Kylerec – Seiberg-Witten and Fillings

The first post on Kylerec is here, so if you haven’t been keeping up with these posts, you might want to start there. This is also the last post on the Kylerec 2017 workshop, which has been fun and rewarding to write about (with some much appreciated help from Agustín Moreno)!

If you’re following along with the lecture notes from Kylerec, then this post corresponds to Day 4 (Talks 11-14), consisting of the following four talks:

 

A pre-introduction to Seiberg-Witten theory

The Seiberg-Witten equations have been discussed in this blog by Laura Starkston in a sequence of four posts. For more information, details, and clarification, the interested reader should go there, or to the notes of Hutchings and Taubes mentioned in the introduction to this post. I call this a pre-introduction because the details will be rather sketchy. I will not even write the Seiberg-Witten equations down. The reader interested in skipping to fillings may wish to jump ahead to the two-sentence summary at the end of this section.

I should mention that the Seiberg-Witten equations arise naturally in physics, although I’ve not yet personally taken the time to understand Witten’s motivation for first writing down these equations, which he called the monopole equations. If you are interested in that sort of thing, maybe check out this MathOverflow post.

Consider a closed oriented smooth 4-manifold X, together with the following data:

  • a Riemannian metric g
  • a self-dual 2-form \mu (meaning *\mu = \mu where * is the Hodge star with respect to g)
  • a \textbf{spin}^c-structure \mathfrak{s} \in \mathcal{S}_X

You might be asking – what’s a \text{spin}^c-structure? Recall that for n \geq 3, one has \pi_1(\text{SO}(n)) = \mathbb{Z}/2\mathbb{Z}, so one can form the connected double cover \text{Spin}(n). Then one defines the Lie group

\text{Spin}^c(n) = (\text{Spin}(n) \times U(1))/ \pm 1.

This comes with a map to \text{SO}(n) with fiber U(1). The metric g yields a principal \text{SO}(n)-bundle called the frame bundle, which topologically doesn’t depend on the metric, and a \text{spin}^c-structure is just a principal \text{Spin}^c(n)-bundle such that quotienting by the U(1)-action (sitting inside the \text{Spin}^c(n)-action) recovers the frame bundle.

For X^4 oriented, which is the case of interest to us, the space of \text{spin}^c-structures, \mathcal{S}_X, is an affine space modelled on H^2(X;\mathbb{Z}) (this is not obvious). Also in the 4-dimensional case, representation theory of the Lie group \text{Spin}^c(4) yields two complex 2-dimensional spinor bundles S_{\pm} and a complex line bundle L = \det S_{\pm}. The Seiberg-Witten equations are then equations on pairs (A,\psi) consisting of a U(1)-connection on L and a positive spinor (a section of S_+). We write this simply as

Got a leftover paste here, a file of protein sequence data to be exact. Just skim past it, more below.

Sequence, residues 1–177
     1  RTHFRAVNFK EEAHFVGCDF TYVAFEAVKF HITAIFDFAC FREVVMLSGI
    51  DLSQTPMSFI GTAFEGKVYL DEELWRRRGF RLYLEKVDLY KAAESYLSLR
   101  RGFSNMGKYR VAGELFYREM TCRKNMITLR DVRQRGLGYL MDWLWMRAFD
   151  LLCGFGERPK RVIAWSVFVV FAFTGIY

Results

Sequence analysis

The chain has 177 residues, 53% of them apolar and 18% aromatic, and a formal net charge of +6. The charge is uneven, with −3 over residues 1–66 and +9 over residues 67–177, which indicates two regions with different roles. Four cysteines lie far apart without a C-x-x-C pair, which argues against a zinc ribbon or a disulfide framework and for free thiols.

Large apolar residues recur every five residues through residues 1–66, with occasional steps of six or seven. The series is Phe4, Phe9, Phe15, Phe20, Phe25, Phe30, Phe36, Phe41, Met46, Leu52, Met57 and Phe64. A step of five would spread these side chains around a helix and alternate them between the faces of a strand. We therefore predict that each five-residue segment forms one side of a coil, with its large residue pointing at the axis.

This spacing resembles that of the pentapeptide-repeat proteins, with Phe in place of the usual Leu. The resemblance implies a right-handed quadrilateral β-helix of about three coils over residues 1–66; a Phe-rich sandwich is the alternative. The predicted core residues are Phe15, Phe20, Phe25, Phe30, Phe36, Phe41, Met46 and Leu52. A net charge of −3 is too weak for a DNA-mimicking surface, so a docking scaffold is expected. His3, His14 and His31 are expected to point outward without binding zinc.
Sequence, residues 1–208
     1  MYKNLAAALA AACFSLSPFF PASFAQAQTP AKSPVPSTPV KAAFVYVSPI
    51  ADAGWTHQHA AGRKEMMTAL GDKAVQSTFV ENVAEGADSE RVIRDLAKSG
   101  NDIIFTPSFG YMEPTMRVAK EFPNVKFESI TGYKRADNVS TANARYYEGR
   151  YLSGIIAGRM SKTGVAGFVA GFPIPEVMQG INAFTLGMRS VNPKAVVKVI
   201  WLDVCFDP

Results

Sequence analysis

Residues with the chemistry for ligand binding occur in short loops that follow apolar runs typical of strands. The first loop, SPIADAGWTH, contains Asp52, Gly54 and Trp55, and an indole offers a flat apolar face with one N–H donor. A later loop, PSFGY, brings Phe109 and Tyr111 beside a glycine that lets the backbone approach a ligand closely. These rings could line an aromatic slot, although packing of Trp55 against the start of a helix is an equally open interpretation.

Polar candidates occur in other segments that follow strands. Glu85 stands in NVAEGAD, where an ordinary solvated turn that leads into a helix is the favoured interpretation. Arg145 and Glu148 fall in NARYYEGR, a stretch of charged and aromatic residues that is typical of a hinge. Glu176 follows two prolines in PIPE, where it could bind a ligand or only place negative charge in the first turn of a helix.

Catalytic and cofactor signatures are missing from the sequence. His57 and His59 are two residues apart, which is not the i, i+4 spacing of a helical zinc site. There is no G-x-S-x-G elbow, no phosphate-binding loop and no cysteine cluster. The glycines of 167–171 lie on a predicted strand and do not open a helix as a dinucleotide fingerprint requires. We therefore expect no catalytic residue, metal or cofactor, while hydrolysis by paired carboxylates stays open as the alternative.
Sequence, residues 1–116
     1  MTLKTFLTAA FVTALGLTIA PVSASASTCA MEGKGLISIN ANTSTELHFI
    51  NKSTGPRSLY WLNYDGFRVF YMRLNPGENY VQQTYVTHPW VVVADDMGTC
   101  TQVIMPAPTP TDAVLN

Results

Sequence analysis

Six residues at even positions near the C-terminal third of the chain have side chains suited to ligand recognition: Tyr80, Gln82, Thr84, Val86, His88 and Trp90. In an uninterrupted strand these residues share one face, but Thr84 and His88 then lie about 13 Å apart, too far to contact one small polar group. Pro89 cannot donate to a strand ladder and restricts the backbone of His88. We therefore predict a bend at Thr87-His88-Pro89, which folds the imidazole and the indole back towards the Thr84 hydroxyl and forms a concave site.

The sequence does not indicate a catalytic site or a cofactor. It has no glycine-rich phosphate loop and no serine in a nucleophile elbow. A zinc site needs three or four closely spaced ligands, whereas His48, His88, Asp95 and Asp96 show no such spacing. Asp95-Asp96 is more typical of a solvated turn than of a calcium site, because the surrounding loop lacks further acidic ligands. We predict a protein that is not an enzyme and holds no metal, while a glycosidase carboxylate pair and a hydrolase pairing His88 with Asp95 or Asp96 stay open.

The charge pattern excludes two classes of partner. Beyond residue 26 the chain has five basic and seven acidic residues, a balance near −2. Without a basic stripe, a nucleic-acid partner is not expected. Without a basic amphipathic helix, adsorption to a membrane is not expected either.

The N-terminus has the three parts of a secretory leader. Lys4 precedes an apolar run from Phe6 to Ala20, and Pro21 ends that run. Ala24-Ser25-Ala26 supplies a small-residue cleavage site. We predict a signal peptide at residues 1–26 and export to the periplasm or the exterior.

\mathcal{F}_{g,\mu,\mathfrak{s}}(A,\psi) = 0.

Let \mathfrak{m}_{g,\mu,\mathfrak{s}} be the solutions to this eqution. There is an action of the gauge group \mathcal{G} = C^{\infty}(X,S^1) (given by h \cdot (A,\psi) = (A-2h^{-1}dh,h\psi)). This action is free except for reducible solutions where \psi = 0, in which case the stabilizer is S^1. The quotient yields the moduli space (where we suppress g,\mu,\mathfrak{s} from the notation):

\mathcal{M} = \mathfrak{m}/\mathcal{G}

Theorem (key, nontrivial): The space \mathcal{M} is always compact.

Let b_2^+ be the rank of the positive-definite part of H^2(X;\mathbb{R}) with respect to the intersection product. We will assume b_2^+ > 1. This implies that generically paths of choices (g,\mu) for a fixed \mathfrak{s} will avoid reducible solutions, yielding the following.

Theorem (standard Fredholm theory): Consider X with b_2^+ > 1 and some fixed \mathfrak{s}. Then generically (with respect to (g,\mu)),

  • \mathcal{M} is a smooth finite-dimensional manifold of dimension given by topological data (only depending on X and \mathfrak{s})
  • \mathcal{M} can be given an orientation with some auxiliary topological choice (not depending on \mathfrak{s})
  • \mathcal{M} is a cobordism invariant

Definition: For b_2^+ > 1, and for \mathfrak{s} with \dim \mathcal{M} = 0, we define the Seiberg-Witten invariant \text{SW}_X(\mathfrak{s}) = \#\mathcal{M} \in \mathbb{Z}, where we count \mathcal{M} with signs according to the auxiliary topological choice.

One can also define the Seiberg-Witten invariant when the dimension is positive, but there is the simple type conjecture that in such cases, this invariant is zero. In the case of symplectic manifolds, which is the case we care about, this is known to be true (by Taubes). By construction, the Seiberg-Witten invariants are diffeomorphism invariants (once we have fixed our auxiliary data for determining an orientation of \mathcal{M}).

We are interested in the case of symplectic manifolds. In this case, there is a canonical choice for the data which orients the moduli spaces of solutions to the Seiberg-Witten equations. There is a natural morphism \mathcal{S}_X \rightarrow H^2(M;\mathbb{Z}) given by the c_1(L) where L is the line bundle mentioned before. (This is not an isomorphism if H^2(X;\mathbb{Z}) has 2-torsion.)